And why, exactly, should breathing (or kidney function, or the ability to resist disease) justify legal protection? If a fetus can be shown to think and feel but not be able to breathe, would it be all right to kill it? Do we value breathing more than thinking and feeling? Viability arguments cannot, it seems to us, coherently determine when abortions are permissible. Some other criterion is needed. Again, we offer for consideration the earliest onset of human thinking as that criterion.

Since, on average, fetal thinking occurs even later than fetal lung development, we find Roe v. Wade to be a good and prudent decision addressing a complex and difficult issue. With prohibitions on abortion in the last trimester–except in cases of grave medical necessity–it strikes a fair balance between the conflicting claims of freedom and life.What do you think? What have others said about Carl Sagan’s thoughts on 


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Carl Sagan with his wife Ann in the 1990’s

Abortion: The Right to Live – Some considerations on the bioethical issues at the beginning of life


“Please Let Me live”

Abortion: The Right to Live – Some considerations on the bioethical issues at the beginning of life

by Dr Alex Tang

1.                  Introduction

A mother is expecting her sixth child. She is physically and emotionally exhausted by the demands of her large family. The home is over-crowded and she is living at the poverty-line level. It will be financially impossible to have another mouth to feed. The mother is the sole breadwinner (her husband has abandoned the family). Another baby will ruin the family.

A teenager found that she is pregnant. Being unmarried that will be severe stigma on the good name of her family. She is also emotionally not ready to bring up a baby.

An expectant mother contracted rubella (German measles) during the first trimester of her pregnancy. The doctors told her that her baby will likely to be born blind, mentally retarded and with heart problems.

A pregnancy is the result of a rape (or incest). Continuing the pregnancy with add to the emotional tragedy. The child will be an unwanted baby.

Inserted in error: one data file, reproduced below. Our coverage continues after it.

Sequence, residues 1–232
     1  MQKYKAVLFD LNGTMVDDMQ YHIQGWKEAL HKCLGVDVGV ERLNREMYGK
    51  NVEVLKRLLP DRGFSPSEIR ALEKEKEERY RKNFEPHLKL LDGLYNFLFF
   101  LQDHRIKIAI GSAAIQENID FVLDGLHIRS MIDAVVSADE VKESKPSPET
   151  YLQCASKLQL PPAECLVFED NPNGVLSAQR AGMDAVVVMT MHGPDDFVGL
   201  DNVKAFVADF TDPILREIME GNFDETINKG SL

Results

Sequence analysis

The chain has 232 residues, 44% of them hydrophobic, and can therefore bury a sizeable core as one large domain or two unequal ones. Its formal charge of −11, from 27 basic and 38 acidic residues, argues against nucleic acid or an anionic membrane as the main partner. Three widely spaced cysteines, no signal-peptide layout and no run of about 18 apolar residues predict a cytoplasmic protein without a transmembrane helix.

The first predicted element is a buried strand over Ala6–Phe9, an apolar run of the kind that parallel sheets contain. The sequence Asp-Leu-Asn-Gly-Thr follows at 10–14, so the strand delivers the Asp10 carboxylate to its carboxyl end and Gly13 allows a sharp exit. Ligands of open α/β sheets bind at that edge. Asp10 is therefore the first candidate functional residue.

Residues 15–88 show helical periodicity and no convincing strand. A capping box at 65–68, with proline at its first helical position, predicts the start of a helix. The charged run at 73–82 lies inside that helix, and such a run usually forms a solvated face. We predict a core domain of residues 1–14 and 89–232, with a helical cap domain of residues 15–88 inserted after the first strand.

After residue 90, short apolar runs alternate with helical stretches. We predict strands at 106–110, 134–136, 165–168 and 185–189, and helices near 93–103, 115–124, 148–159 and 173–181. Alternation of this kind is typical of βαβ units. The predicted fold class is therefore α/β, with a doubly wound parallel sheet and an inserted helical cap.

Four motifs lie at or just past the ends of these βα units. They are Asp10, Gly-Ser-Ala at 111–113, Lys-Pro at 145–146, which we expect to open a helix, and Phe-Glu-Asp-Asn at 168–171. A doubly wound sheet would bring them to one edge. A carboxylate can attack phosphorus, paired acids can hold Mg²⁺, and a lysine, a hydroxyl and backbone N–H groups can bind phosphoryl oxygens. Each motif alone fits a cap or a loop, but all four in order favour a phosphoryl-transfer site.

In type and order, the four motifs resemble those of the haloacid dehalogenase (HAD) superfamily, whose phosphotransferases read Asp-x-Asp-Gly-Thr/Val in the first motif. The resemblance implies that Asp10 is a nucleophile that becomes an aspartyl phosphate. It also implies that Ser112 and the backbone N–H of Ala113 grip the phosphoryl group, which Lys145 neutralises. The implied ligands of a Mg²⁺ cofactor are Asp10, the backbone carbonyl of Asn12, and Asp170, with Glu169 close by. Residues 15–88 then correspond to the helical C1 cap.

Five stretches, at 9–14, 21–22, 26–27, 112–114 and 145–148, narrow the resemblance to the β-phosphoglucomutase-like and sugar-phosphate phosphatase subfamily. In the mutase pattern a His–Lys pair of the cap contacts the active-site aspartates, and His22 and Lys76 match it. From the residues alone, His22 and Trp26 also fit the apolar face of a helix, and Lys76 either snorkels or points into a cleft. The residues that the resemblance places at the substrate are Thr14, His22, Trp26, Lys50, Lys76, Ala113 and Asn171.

An expectant mother is a busy executive in a multinational corporation. Having a baby now will slow her climb up the corporate ladder.

These real-life problems seek abortion of the unborn foetus as a solution. What is the Christian response?  The debate on abortion has been raging since the early church. It is still going on because it is a complex issue. John Stott wrote that abortion have medical, legal, theological, ethical, social and personal aspects.[1] It often involves painful personal dilemmas. It is one of the difficult questions we Christian has to face if we are to be the ‘salt and light’ of the world.

1.1               Definition

A medical dictionary defined abortion ‘as the premature expulsion from the uterus of the products of conception- of the embryo or of a non-viable foetus’. Embryo refers to the first eight weeks of gestation after fertilisation of the ovum by the sperm. Foetus refers to the embryo after eight weeks until birth. Abortion can be a naturally occurring process. It was estimated that 50% of all conception occurs in abortion because for some reasons, the embryo was non-viable. In this paper, we shall limit our discussion to abortion involving a normal viable embryo or foetus, if left to the natural process will be delivered as a full term baby.

Abortion on demand is not available in Malaysia. Abortion can only be performed for medical reasons as provided in section 312 of the Penal Code and its has to be certified by at least two doctors. 

In Singapore abortion is available on demand. It even allows teenage girls to procure abortions without their parents’ knowledge. In Britain, abortion was illegal until the Infant Life (preservation) Act of 1929 provided that abortion was admissible if it is to save the life of the mother. This was further liberalised in the 1967 Abortion Act. By 1983 over 2 million legal abortions had been performed since the 1967 Act was passed and by 1995 over 4.5 million. In the United States, in January 1973 in Roe v. Wade case, the United Supreme Court declared by seven votes to two that it is constitutional for a woman to choose to have an abortion done on her during the first three months (first trimester) of her pregnancy and during the second and third trimester if the pregnancy affects her physical or mental health. This ruling opened a floodgate for abortions to be performed in the United States. The premise behind the ruling is that a woman has a right to decide what is to be done to her body and that includes an ‘unwanted’ foetus. This is usually described a ‘pro-choice’. ‘Pro-choice’ means a woman has total rights to decide what is done to her body.

1.2               Techniques of abortion

Most abortions are done during the first three months of pregnancy. There are a number of ways a fetus can be aborted. I have not included the herbal or other manipulations done by traditional healers and back-street abortionists.

1.2.1          Vacuum aspiration

This is used for pregnancies up to 12-14 weeks. In this technique, the cervix is dilated and a tube connected to a suction apparatus was inserted. The fetus was sucked out into a jar. The foetal body parts were examined to ensure totally removal.

1.2.2          ‘D & C’-Dilation and Curettage

This is the most popular technique. The cervix was dilated and a ‘curette’ was inserted. The walls of the womb were scraped until the foetus was cut into pieces and removed.

1.2.3          Toxic solution